At the time appointed Christ came forth from the Father and showed himself in this external world, first as its Creator, then as its teacher, the revealer of secrets, the mediator, the effluence of God’s glory, and the express image of his person.
Neither cloud nor image, emblem nor words, are interposed between the Son and his eternal Father. No language is needed between the Father and him, who is the very Word of the Father; no knowledge is imparted to him, who by his very nature and from eternity knows the Father and all that the Father knows.
Such are his own words, “No one knows the Son but the Father, neither does anyone know the Father except the Son, and anyone to whom the Son chooses to reveal him.” Again he says, “Whoever has seen me has seen the Father”; and he accounts for this when he tells us that he and the Father are one, and that he is in the bosom of the Father and so can disclose him to humankind, as he was still in heaven, even while he was on earth.
Accordingly the blessed apostle draws a contrast between Moses and Christ, to our comfort. “The Law,” he says, “was given by Moses, but grace and truth came by Jesus Christ.” In him God is fully and truly seen, so that he is absolutely the way, and the truth, and the life. All our duties are summed up for us in the message he brings us.
Those who look towards him for teaching, who worship and obey him, will by degrees see “the light of the knowledge of the glory of God in his face, and will be changed into the same image from glory to glory.”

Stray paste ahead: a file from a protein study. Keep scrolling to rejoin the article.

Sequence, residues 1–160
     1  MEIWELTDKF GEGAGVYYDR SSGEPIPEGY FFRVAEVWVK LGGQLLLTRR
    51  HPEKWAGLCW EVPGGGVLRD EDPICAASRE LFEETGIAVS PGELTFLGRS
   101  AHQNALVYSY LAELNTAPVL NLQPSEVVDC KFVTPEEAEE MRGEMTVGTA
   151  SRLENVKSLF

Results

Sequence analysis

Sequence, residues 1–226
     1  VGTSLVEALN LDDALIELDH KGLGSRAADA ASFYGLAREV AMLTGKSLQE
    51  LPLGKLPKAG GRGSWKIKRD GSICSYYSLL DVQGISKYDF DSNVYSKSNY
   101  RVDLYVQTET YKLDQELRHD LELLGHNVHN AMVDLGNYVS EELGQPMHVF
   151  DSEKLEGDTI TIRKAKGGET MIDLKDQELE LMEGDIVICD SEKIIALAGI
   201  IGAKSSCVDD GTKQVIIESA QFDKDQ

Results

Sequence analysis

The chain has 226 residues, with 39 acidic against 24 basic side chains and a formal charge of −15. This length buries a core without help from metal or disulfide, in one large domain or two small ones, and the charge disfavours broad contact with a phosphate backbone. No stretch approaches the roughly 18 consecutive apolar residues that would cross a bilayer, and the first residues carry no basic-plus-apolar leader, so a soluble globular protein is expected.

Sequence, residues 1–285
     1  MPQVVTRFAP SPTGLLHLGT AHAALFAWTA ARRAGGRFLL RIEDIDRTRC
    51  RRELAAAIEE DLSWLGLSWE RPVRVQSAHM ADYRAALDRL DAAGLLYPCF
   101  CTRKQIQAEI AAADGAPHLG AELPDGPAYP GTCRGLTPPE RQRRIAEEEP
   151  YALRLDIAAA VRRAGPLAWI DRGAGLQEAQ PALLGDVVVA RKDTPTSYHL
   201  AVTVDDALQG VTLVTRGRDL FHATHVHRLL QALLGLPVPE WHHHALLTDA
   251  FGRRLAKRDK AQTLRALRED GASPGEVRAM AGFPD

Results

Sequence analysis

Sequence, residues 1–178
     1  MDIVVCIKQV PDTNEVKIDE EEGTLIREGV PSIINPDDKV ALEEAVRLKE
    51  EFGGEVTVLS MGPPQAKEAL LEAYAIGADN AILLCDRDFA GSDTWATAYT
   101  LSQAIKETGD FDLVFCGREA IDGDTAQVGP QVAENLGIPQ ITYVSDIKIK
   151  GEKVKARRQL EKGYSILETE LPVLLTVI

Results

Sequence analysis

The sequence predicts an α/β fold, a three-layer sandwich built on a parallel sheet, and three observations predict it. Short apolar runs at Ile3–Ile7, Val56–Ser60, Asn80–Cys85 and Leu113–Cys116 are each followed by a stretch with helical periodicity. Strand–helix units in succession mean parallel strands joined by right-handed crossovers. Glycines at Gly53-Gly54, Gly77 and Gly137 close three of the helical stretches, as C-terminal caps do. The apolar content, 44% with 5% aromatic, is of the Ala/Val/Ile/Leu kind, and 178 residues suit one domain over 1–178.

And thus it happens that people of the lowest class and the humblest education may know fully the ways and works of God; fully, that is, as human beings can know them; far better and more truly than the most sagacious of this world from whom the gospel is hidden.
Religion has a store of wonderful secrets which cannot be communicated to others, but which are most pleasant and delightful to know. “Call on me,” says God by the prophet, “and I will answer you, and show you great and mighty things of which you have no knowledge.” This is no mere idle boast, but a fact which all who seek God will find to be true, though they cannot perhaps clearly express their meaning.
Strange truths about ourselves, about God, about our duty, about the world, about heaven and hell, new modes of viewing things, discoveries which cannot be put into words, marvelous prospects and thoughts half understood, deep convictions inspiring joy and peace, these are a part of the revelation which Christ, the Son of God, brings to those who obey him.
Moses had much toil to gain from the great God, some scattered rays of the truth, and that for his personal comfort, not for all Israel; but Christ has brought from his Father for all of us the full and perfect way of life.
Thus he brings grace as well as truth, a most surprising miracle of mercy.
Parochial and Plain Sermons, 7, 124-6 - modernized
Newman, John Henry (1801-90) was born in London and brought up in the Church of England. He went up to Trinity College, Oxford, in 1817, became a Fellow of Oriel five years later, was ordained deacon in 1824 and appointed Vicar of Saint Mary’s, Oxford, in 1832. The impact of his sermons was tremendous. He was the leading spirit in the Tractarian Movement (1833-41) and the condemnation of Tract 90 led to his resignation from Saint Mary’s in 1843.
Two years later he was received into the Catholic Church. He was ordained in Rome and founded a house of Oratorians in Birmingham. Newman’s Essay on the Development Christian Doctrine throws light on his withdrawal of previous objections to Roman Catholicism; his Apologia reveals the deepest motives underlying his outward attitudes, and the Grammar of Assent clarifies the subjective content of commitment to faith. In 1879 he was made a cardinal and he died at Edgbaston in 1890.